ACM (the Association for Computing Machinery) announced Tuesday (March 30) the winners of six prestigious awards for their innovations in computing technology that demonstrate the benefits of computational thinking for industry, education, and society. The awards reflect outstanding achievements that have led to improved medical diagnostics and healthcare delivery, better teaching methods for high school computer science, more secure Internet transactions, and enhanced network efficiency. The 2009 ACM award winners, from internationally known research and academic institutions, include practiced innovators as well as promising newcomers in the computing profession. ACM will present these and other awards at the ACM Awards Banquet on June 26, in San Francisco, CA.
The 2009 ACM awards winners include:
Mihir Bellare and Phillip Rogaway, recipients of the Paris Kanellakis Theory and Practice Award for their development of practice-oriented provable security, which has resulted in high-quality, cost-effective cryptography, a key component for Internet security in an era of explosive growth in online transactions. Bellare, a professor at the University of California San Diego, and Rogaway, a professor at the University of California Davis, adapted modern cryptographic theory to make it more applicable for reducing the risk of cyber attacks in the real world. The Kanellakis Award honors specific theoretical accomplishments that significantly affect the practice of computing.
VMware Workstation 1.0, winner of the Software System Award for bringing virtualization technology to modern computing environments, spurring a shift to virtual-machine architectures, and allowing users to efficiently run multiple operating systems on their desktops. Stanford University professor Mendel Rosenblum and his students realized that virtual-machine technology could help with many of the problems suffered by modern computing environments. This breakthrough led to their founding of VMware Inc. and the design and implementation of its first product by Rosenblum and his colleagues Edouard Bugnion, Scott Devine, Jeremy Sugerman, and Edward Wang. The technology was subsequently adopted by large-scale data-center operators to increase the efficiency and security of shared computational resources, and has caused leading processor vendors to modify their designs to support virtualization. The Software System Award is given to an institution or individuals recognized for developing software systems that have had a lasting influence, reflected in contributions to concepts and/or commercial acceptance.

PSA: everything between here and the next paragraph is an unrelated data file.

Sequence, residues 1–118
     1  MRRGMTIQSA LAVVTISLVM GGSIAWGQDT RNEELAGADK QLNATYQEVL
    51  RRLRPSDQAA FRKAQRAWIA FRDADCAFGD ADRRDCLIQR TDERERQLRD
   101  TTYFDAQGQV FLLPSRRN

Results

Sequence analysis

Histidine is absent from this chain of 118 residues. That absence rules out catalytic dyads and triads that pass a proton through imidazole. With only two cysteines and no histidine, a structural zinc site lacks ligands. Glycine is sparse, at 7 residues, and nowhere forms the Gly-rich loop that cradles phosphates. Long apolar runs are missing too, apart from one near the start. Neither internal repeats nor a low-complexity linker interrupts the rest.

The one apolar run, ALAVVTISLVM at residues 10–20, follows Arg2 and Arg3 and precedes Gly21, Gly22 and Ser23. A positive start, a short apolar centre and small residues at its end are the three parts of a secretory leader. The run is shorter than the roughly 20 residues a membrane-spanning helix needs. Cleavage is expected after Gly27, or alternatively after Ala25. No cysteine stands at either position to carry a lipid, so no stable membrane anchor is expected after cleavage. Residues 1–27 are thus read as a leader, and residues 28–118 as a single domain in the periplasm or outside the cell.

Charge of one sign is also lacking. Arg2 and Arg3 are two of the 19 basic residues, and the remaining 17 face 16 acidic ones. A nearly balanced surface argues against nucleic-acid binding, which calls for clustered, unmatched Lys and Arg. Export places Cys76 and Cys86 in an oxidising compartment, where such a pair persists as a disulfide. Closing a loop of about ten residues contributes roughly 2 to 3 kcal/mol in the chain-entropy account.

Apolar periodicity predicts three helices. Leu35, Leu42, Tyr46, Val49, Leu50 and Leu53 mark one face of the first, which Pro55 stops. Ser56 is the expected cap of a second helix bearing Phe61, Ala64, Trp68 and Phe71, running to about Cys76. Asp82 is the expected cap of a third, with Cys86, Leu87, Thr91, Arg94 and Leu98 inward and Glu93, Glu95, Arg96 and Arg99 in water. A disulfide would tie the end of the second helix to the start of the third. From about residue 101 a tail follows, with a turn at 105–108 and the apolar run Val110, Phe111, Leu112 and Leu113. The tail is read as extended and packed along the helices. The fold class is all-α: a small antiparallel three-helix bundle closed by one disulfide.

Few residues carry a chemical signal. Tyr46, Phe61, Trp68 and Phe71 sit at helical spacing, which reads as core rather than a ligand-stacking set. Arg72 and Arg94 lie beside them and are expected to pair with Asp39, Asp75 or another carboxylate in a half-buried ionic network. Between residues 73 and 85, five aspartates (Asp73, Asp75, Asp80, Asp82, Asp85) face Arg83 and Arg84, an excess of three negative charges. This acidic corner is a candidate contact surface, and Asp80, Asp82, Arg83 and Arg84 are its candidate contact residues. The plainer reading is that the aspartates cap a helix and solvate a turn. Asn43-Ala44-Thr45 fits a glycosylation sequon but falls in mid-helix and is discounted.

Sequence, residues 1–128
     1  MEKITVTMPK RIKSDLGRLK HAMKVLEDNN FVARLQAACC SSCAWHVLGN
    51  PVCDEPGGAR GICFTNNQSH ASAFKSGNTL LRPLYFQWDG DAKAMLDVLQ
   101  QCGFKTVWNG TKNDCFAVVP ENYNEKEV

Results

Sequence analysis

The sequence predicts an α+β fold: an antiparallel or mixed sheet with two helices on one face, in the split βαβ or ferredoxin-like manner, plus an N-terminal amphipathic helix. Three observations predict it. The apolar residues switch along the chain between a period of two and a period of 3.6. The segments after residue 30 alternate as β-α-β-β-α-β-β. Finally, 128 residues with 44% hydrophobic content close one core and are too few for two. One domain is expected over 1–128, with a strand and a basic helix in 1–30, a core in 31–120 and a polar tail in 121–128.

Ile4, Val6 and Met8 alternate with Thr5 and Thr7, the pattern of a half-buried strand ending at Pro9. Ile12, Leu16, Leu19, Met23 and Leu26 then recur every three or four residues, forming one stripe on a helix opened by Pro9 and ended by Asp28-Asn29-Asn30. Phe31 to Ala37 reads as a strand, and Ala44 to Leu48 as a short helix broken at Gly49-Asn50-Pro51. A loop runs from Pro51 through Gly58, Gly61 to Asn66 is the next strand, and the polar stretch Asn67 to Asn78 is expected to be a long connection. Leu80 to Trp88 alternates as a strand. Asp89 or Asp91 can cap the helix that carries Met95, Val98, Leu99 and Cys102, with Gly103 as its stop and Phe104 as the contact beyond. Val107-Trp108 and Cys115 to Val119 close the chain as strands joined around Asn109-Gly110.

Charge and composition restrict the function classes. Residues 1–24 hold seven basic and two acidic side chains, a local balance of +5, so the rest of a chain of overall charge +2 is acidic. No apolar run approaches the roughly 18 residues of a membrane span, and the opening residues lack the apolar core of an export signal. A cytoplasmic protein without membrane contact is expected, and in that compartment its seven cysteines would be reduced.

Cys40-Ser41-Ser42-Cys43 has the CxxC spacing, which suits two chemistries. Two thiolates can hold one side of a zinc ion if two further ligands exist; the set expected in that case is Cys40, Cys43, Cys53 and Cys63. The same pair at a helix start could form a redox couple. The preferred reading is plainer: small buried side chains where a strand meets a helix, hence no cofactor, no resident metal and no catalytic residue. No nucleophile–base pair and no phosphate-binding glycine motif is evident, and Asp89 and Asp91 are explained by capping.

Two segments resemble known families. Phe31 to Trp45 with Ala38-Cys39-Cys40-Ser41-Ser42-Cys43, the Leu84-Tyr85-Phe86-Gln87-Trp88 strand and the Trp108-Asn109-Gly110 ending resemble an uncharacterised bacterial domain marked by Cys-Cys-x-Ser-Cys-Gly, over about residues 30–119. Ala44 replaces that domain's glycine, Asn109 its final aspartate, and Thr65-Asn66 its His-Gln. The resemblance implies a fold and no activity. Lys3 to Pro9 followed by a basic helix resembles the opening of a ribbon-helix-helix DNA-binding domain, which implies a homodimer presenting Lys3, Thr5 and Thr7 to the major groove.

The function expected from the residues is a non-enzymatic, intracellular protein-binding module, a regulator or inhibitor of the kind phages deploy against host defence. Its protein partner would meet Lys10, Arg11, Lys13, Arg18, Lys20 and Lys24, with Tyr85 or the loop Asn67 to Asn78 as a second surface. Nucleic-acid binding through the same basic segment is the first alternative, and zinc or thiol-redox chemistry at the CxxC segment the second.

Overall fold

Michael Jordan, recipient of the ACM/AAAI Allen Newell Award for fundamental advances in statistical machine learning, a field which develops computational methods for inference and decision-making based on data. Jordan, a professor at the University of California, Berkeley, has focused on graphical models, kernel machines and Bayesian nonparametric statistics. He has developed applications of these methods to a variety of problem areas in computational biology, including protein structure and function, population genetics and genomics. His work has influenced signal processing, information retrieval, computational vision and natural language processing. He has also studied learning in the domain of human motor control. The Newell Award recognizes career contributions that have breadth within computer science, or that bridge computer science and other disciplines.
Tim Roughgarden, recipient of the Grace Murray Hopper Award for introducing novel techniques that quantify lost efficiency with the uncoordinated behavior of network users who act in their own self-interest. His research has built a bridge between theoretical computer science and the networking research community that has the potential to capture the important role of strategic behavior in the design and analysis of future networks. Roughgarden is an assistant professor at Stanford University, whose book, "Selfish Routing and the Price of Anarchy," outlines several approaches to limiting the efficiency loss in large networks resulting from self-interested users. The Hopper Award recognizes the outstanding young computer professional of the year.